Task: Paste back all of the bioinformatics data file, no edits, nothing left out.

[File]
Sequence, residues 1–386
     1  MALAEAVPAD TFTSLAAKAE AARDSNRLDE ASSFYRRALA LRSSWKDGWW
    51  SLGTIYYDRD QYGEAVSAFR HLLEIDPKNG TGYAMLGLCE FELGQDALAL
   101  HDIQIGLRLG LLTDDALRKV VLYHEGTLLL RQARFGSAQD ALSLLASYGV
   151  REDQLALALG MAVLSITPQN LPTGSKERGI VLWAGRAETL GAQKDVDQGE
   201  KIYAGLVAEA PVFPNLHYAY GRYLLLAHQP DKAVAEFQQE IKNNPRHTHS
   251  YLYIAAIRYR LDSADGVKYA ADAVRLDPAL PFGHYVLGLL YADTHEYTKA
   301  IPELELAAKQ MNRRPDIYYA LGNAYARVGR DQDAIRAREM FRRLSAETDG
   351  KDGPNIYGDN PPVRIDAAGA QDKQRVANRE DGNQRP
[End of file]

Sequence, residues 1–386
     1  MALAEAVPAD TFTSLAAKAE AARDSNRLDE ASSFYRRALA LRSSWKDGWW
    51  SLGTIYYDRD QYGEAVSAFR HLLEIDPKNG TGYAMLGLCE FELGQDALAL
   101  HDIQIGLRLG LLTDDALRKV VLYHEGTLLL RQARFGSAQD ALSLLASYGV
   151  REDQLALALG MAVLSITPQN LPTGSKERGI VLWAGRAETL GAQKDVDQGE
   201  KIYAGLVAEA PVFPNLHYAY GRYLLLAHQP DKAVAEFQQE IKNNPRHTHS
   251  YLYIAAIRYR LDSADGVKYA ADAVRLDPAL PFGHYVLGLL YADTHEYTKA
   301  IPELELAAKQ MNRRPDIYYA LGNAYARVGR DQDAIRAREM FRRLSAETDG
   351  KDGPNIYGDN PPVRIDAAGA QDKQRVANRE DGNQRP